25 Y G Fu, L W Tong, L He, X L Zhao. Experimental and numerical investigation on behavior of CFRP-strengthened circular hollow section gap K-joints. Thin-walled Structures, 2016, 102: 80–97
26 J Aguilera, A Fam. Retrofitting tubular steel T-joints subjected to axial compression in chord and brace members using bonded FRP plates or through-wall steel bolts. Engineering Structures, 2013, 48: 602–610
27 L Zahedi, A Vatani Oskouei. A numerical study on steel tubes wrapped with CFRP Laminates: Carbon Fibre Reinforced Polymers applications on offshore marine structures. International Journal of the Constructed Environment, 2013, 3(3): 75–86
28 R H Haddad. Hybrid repair configurations with CFRP composites for recovering structural performance of steel-corroded beams. Construction & Building Materials, 2016, 124: 508–518
29 Y F Wu, C Yun, Y Y Wei, Y W Zhou. Effect of predamage on the stress-strain relationship of confined concrete under monotonic loading. Journal of Structural Engineering, 2014, 140(12): 04014093
30 K D Dalgic, M Ispir, A Ilki. Cyclic and monotonic compression behavior of CFRP-jacketed damaged non-circular concrete prisms. Journal of Composites for Construction, 2016, 20(1): 04015040
31 Y Z Gong, M T Liu, H Li, T Tan. Flexural behavior of existing damaged RC plate girders strengthened with CFRP sheets. Journal of Tianjin University (Science and Technology), 2018, 51(12): 1246–1252 (in Chinese)
32 N Kenta, F Chikako, N Tsutomu. Damage mechanism of existing RC slabs with reinforcing steel plate. MATEC Web of Conferences, 2019, 258: 05011
33 P Gao, J Wang, Z Y Li, L Hong, Z L Wang. Effects of predamage on the compression performance of CFRP-confined rectangular steel reinforced concrete columns. Engineering Structures, 2018, 162: 109–120
34 S Vanlanduit, J Vanherzeele, R Longo, R Guillaume. A digital image correlation method for fatigue test experiments. Optics and Lasers in Engineering, 2009, 47(3–4): 371–378
35 T Rabczuk, T Belytschko. Cracking particles: A simplified meshfree method for arbitrary evolving cracks. International Journal for Numerical Methods in Engineering, 2004, 61(13): 2316–2343
36 T Rabczuk, T Belytschko. A three-dimensional large deformation meshfree method for arbitrary evolving cracks. Computer Methods in Applied Mechanics and Engineering, 2007, 196(29–30): 2777–2799
37 T Rabczuk, G Zi, S Bordas, H Nguyen-Xuan. A simple and robust three-dimensional cracking-particle method without enrichment. Computer Methods in Applied Mechanics and Engineering, 2010, 199(37–40): 2437–2455
38 H Nguyen-Xuan, T Rabczuk. Adaptive selective ES-FEM limit analysis of cracked plane-strain structures. Frontiers of Structural and Civil Engineering, 2015, 9(4): 478–490
39 C P Pantelides, J Nadauld, L Cercone. Repair of cracked aluminum overhead sign structures with glass fiber reinforced polymer composites. Journal of Composites for Construction, 2003, 7(2): 118–126
40 J D Nadauld, C P Pantelides. Rehabilitation of cracked aluminum connections with GFRP composites for fatigue stresses. Journal of Composites for Construction, 2007, 11(3): 328–335
41 A Fam, S Witt, S Rizkalla. Repair of damaged aluminum truss joints of highway overhead sign structures using FRP. Construction & Building Materials, 2006, 20(10): 948–956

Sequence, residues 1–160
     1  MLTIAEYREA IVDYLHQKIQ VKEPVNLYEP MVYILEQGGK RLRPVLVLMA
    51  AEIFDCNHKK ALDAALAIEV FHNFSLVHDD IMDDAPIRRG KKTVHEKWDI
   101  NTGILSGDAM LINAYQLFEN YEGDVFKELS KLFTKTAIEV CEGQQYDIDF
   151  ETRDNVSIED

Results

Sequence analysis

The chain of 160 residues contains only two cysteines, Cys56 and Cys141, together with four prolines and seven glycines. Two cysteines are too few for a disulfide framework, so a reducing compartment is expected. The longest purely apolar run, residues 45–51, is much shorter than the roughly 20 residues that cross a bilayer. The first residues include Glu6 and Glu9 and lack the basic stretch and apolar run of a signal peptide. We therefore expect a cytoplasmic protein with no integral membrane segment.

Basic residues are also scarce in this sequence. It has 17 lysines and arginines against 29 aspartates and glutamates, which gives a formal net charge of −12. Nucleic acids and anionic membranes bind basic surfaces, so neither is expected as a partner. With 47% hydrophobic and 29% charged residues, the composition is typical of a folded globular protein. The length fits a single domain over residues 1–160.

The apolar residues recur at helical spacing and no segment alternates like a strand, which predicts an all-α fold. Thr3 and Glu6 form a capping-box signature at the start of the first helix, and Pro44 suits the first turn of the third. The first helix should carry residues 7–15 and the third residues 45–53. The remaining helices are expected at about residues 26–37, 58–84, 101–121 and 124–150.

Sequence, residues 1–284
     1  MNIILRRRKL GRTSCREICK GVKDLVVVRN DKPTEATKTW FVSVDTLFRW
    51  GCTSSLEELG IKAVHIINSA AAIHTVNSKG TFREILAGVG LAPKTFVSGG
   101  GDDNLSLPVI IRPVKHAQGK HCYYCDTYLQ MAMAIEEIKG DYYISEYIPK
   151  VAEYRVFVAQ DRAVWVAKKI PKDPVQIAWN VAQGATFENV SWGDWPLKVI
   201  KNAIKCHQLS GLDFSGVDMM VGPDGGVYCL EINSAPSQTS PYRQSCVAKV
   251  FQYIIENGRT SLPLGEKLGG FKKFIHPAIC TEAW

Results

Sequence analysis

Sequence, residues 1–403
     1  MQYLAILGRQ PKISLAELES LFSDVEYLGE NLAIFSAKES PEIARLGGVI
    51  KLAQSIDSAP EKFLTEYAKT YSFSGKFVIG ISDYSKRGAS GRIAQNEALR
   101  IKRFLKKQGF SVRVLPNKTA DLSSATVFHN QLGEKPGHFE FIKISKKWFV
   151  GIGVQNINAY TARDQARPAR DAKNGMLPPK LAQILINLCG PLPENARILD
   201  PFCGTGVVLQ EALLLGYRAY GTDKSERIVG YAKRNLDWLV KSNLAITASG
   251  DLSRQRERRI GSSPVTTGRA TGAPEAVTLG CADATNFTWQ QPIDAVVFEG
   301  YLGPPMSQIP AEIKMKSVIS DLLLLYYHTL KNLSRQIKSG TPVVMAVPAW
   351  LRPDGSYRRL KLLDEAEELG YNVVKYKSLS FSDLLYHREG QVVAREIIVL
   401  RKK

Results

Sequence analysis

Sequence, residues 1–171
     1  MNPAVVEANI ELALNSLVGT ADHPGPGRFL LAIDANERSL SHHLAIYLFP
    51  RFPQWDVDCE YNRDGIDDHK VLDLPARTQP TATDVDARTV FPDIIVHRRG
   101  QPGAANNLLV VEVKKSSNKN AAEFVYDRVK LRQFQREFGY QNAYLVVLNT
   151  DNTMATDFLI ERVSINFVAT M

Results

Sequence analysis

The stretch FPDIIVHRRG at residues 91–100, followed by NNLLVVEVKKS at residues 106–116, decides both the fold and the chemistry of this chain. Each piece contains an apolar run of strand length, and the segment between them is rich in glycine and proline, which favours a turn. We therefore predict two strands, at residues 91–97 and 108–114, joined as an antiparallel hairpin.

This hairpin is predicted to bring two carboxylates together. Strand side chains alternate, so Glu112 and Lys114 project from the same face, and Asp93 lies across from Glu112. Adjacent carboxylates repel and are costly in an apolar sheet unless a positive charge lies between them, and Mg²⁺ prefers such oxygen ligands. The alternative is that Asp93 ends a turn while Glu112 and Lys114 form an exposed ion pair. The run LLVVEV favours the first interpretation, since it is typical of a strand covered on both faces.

42 CMC (China Ministry of Construction). Technical specification for welding of steel structure of building JGJ81-2002. Beijing: China Architecture and Buildings Press, 2002 (in Chinese)
43 SAC (Standardization Administration of China). Metallic Materials-Tensile testing-Part 1: Method of Test at Room Temperature GB/T 228.1-2010. Beijing: China Standards Press, 2010 (in Chinese)
44 M A Msekh, N H Cuong, G Zi, P Areias, X Zhuang, T Rabczuk. Fracture properties prediction of clay/epoxy nanocomposites with interphase zones using a phase field model. Engineering Fracture Mechanics, 2018, 188: 287–299
45 K M Hamdia, M A Msekh, M Silani, T Q Thai, P R Budarapu, T Rabczuk. Assessment of computational fracture models using Bayesian method. Engineering Fracture Mechanics, 2019, 205: 387–398
46 Y Bao, T Wierzbicki. On fracture locus in the equivalent strain and stress triaxiality space. International Journal of Mechanical Sciences, 2004, 46(1): 81–98
47 T H Zhou, W C Li, Y Guan, L Bai. Damage analysis of steel frames under cyclic load based on stress triaxiality. Engineering mechanics, 2014, 31(7): 146–155 (in Chinese)
48 F F Liao. Study on micro fracture criterion of steel and its prediction for connections ductile fracture. Dissertation for the Doctoral Degree. Shanghai: Tongji University, 2012 (in Chinese)
49 W Wang, F F Liao, Y Y Chen. Ductile fracture prediction and post-fracture path tracing of steel connections based on micromechanics-based fracture criteria. Engineering mechanics, 2014, 31(3):101–108, 115 (in Chinese)
50 Z Y Shen. Calculation of the ultimate load bearing capacity of the junction of straight welded pipe. Steel structure, 1991, 14(4): 34–38 (in Chinese)
Related articles from Frontiers Journals
[1] Mohammad Abubakar NAVEED, Zulfiqar ALI, Abdul QADIR, Umar Naveed LATIF, Saad HAMID, Umar SARWAR. Geotechnical forensic investigation of a slope failure on silty clay soil—A case study[J]. Front. Struct. Civ. Eng., 2020, 14(2): 501-517.
[2] Yaqiong WANG, Yunxiao XIN, Yongli XIE, Jie LI, Zhifeng WANG. Investigation of mechanical performance of prestressed steel arch in tunnel[J]. Front. Struct. Civ. Eng., 2017, 11(3): 360-367.
[3] Zhiming ZHAO, Xihua WANG. Evaluation of potential failure of rock slope at the left abutment of Jinsha River Bridge by model test and numerical method[J]. Front Struc Civil Eng, 2013, 7(3): 332-340.
[4] Xiaojia CHEN, Yuanlin WANG. Experimental and numerical study on microcrack detection using contact nonlinear acoustics[J]. Front Arch Civil Eng Chin, 2009, 3(2): 137-141.
[5] DU Baisong, GE Yaojun, ZHOU Zheng. An analytical method for calculating torsional constants for arbitrary complicated thin-walled cross-sections[J]. Front. Struct. Civ. Eng., 2007, 1(3): 293-297.
[6] LOU Menglin, LI Yuchun, LI Nansheng. Analyses of the seismic responses of soil layers with deep deposits[J]. Front. Struct. Civ. Eng., 2007, 1(2): 188-193.
[7] YUE Zhongqi. Digital representation of meso-geomaterial spatial distribution and associated numerical analysis of geomechanics: methods, applications and developments[J]. Front. Struct. Civ. Eng., 2007, 1(1): 80-93.
Full text